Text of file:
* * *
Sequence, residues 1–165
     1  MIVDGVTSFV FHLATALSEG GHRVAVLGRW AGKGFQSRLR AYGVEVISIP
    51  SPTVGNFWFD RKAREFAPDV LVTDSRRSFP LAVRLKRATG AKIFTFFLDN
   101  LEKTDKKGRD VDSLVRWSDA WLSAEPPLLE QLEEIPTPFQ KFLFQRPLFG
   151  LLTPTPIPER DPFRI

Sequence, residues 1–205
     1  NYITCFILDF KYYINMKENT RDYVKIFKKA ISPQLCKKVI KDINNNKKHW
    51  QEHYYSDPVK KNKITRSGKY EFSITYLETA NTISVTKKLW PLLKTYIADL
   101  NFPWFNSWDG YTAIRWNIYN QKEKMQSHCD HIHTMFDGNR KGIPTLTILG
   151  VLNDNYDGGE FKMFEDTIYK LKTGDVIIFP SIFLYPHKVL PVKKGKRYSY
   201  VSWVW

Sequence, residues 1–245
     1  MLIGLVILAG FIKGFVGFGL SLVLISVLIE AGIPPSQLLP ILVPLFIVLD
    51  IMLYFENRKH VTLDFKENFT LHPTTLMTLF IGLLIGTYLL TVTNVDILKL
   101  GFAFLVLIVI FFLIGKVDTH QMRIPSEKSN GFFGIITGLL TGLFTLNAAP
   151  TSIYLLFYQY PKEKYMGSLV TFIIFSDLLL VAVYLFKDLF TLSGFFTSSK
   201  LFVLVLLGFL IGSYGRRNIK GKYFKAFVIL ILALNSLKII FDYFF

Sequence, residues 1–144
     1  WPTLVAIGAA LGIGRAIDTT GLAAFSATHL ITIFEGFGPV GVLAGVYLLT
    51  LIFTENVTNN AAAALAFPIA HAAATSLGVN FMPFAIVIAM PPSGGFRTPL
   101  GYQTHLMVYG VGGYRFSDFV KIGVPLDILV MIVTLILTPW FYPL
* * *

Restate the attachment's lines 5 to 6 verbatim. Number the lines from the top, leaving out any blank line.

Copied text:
   151  LLTPTPIPER DPFRI

Sequence, residues 1–205